KDE Neon

The joys of the Linux desktop is choice. We have choice on an almost embarrassing amount of riches. Things like our packaging type, community, and desktop environment. Some see this as a fault, but many of us see choice as benefit both to the enthusiast and the first time Linux user as there is an environment suited to almost any user. While I have used Linux for literal decades, I don't consider myself an expert but merely knowledgeable. I use Linux because I find it fun to configure. I can both bend it to my will and learn things that are better for my workflow or simple enjoyment.

Over years I have and continue to bounce around between various distributions of Linux. It is rare that I hate a Linux distro, but often it is a matter of not finding applications I want or general configuration issues that I couldn't get my head around. For a number of years that meant I bounced between Fedora and Ubuntu based distros. They have the most support online and are friendly enough that I can jump in and change some things around without hours of learning. While for not nearly as long, I have tried a few desktop environments such as Gnome, Mint, and KDE. In the last few years that has really just been an oscillation between Gnome and KDE.

Both environments are excellent. That's not me both sides something but they really are and meet different needs. For example, Gnome is called an opinionated environment that makes most of the configuration decisions for the user leaving windows of configuration. KDE on the other hand is far more configurable, allowing the user to make numerous choices about how the desktop looks and operates. There are some rabid users in each camp that lob bombs at the other environment, but for the most part the two groups actually get along.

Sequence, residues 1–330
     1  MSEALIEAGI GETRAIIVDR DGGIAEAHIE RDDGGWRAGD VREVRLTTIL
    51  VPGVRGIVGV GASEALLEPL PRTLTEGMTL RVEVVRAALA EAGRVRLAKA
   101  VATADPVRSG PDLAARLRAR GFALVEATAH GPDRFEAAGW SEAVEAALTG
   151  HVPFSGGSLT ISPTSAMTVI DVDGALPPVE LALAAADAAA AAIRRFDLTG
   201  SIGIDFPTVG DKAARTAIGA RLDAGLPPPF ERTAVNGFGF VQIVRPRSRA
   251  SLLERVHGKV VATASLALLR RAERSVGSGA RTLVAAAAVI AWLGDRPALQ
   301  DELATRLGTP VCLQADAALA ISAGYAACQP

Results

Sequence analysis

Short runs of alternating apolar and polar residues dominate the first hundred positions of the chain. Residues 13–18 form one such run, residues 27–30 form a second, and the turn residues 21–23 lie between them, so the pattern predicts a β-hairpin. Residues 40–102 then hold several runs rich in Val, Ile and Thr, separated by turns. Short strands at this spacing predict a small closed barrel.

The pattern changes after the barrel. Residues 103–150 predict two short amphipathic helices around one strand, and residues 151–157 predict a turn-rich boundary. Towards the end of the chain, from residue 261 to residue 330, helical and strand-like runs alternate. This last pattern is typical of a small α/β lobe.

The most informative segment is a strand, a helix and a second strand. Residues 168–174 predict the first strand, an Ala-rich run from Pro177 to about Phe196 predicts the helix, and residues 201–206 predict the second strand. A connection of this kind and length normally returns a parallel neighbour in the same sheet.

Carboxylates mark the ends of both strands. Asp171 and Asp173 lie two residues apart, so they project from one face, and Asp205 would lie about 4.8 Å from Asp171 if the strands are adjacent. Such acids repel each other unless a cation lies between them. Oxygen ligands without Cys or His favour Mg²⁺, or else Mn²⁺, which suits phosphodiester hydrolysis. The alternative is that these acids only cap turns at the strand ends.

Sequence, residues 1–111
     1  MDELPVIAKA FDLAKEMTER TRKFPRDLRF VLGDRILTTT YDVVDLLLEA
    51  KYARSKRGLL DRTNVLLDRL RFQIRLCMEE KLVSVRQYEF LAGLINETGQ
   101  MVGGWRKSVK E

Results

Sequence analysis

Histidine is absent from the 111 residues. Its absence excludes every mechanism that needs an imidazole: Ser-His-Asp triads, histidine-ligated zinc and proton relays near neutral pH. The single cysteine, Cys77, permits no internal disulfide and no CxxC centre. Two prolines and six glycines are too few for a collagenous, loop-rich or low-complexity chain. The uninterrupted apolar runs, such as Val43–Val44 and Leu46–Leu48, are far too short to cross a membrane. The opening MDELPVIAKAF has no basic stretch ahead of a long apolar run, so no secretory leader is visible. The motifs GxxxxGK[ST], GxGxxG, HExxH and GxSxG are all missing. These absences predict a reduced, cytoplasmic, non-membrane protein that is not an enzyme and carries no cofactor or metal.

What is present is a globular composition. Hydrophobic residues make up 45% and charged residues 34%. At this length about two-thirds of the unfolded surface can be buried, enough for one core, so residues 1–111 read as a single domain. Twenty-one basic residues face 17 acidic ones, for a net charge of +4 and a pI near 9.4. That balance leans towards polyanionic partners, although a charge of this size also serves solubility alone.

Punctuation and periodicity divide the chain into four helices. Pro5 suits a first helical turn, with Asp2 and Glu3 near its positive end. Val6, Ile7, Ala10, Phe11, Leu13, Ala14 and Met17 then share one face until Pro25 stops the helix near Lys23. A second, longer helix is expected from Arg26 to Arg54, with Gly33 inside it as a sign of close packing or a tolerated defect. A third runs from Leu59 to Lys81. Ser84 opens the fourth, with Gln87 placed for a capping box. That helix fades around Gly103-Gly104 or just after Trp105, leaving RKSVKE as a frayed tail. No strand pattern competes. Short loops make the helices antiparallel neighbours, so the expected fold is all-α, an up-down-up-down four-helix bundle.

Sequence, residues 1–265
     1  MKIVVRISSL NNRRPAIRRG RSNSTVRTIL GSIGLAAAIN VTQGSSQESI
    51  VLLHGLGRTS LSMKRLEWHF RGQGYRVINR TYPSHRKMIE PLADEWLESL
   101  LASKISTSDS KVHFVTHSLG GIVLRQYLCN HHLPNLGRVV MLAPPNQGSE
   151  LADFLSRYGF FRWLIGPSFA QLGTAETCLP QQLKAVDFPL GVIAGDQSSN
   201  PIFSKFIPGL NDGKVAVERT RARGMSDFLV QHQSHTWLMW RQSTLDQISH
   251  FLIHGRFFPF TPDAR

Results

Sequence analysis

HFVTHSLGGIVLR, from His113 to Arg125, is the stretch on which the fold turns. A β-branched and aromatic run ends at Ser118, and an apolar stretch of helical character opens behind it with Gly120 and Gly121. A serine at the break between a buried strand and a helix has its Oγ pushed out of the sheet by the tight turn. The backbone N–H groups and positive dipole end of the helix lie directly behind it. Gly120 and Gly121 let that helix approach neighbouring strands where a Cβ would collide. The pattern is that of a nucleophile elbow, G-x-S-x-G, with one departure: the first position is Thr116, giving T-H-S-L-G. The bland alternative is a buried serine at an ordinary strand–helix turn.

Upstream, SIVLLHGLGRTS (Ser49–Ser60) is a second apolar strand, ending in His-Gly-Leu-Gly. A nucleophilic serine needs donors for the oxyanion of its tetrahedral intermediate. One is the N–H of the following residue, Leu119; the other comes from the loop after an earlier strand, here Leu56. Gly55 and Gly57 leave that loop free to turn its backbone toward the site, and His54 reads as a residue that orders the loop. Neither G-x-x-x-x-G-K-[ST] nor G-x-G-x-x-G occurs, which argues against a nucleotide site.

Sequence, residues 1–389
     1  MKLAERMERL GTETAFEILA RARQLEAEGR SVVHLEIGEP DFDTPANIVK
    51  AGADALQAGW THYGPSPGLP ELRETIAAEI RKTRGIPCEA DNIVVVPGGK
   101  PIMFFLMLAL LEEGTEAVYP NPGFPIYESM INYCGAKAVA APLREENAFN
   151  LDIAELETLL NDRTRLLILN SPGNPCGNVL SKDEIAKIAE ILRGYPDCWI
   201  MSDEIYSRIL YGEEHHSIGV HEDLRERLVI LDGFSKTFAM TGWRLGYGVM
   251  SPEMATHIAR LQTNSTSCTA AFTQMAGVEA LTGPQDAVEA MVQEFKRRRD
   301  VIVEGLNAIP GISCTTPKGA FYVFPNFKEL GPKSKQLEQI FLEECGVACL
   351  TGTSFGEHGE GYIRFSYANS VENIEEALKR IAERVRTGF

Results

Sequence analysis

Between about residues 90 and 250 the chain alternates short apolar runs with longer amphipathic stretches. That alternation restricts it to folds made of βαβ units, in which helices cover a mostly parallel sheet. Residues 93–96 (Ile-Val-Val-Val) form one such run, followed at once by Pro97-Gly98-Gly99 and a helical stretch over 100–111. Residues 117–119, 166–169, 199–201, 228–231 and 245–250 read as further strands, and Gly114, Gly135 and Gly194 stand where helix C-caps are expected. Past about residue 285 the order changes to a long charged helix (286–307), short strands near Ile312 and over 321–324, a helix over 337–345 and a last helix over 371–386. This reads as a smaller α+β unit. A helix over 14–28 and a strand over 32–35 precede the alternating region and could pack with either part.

With that out of the way, I do like both options but lately have spent more time in KDE. While the implementation of KDE in Fedora is very good I thought that I would experience it in what the KDE developers produce as a showcase for the environment - KDE Neon. After the installation on E490, KDE Neon is just like any other distro that happens to have KDE on it. The difference being that you probably have one of the most up to date installations of KDE installed.

What has impressed me about KDE is both configuring some simple things like a thin task bar, and then some basics around window operation like greying out other windows when something is requesting elevated permissions. The applications in KDE have very similar look and feel, making it seamless to move around between applications. Discover, the application catalogue for KDE, is well laid out and responsive when both searching and installing applications. There are number of KDE options (some with the obligatory name of K-something) for almost all of the needed tasks.

While I'm only a week in, I can see why KDE gets so much attention and devotion from its users.